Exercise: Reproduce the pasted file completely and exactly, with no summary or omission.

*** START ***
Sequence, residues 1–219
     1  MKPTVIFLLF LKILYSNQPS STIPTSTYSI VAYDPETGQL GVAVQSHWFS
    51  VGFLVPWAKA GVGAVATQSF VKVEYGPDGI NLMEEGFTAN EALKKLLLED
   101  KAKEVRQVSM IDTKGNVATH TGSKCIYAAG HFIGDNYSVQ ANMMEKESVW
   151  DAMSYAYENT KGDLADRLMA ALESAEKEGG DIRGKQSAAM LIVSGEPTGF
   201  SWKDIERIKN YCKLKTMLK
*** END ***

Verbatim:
Sequence, residues 1–219
     1  MKPTVIFLLF LKILYSNQPS STIPTSTYSI VAYDPETGQL GVAVQSHWFS
    51  VGFLVPWAKA GVGAVATQSF VKVEYGPDGI NLMEEGFTAN EALKKLLLED
   101  KAKEVRQVSM IDTKGNVATH TGSKCIYAAG HFIGDNYSVQ ANMMEKESVW
   151  DAMSYAYENT KGDLADRLMA ALESAEKEGG DIRGKQSAAM LIVSGEPTGF
   201  SWKDIERIKN YCKLKTMLK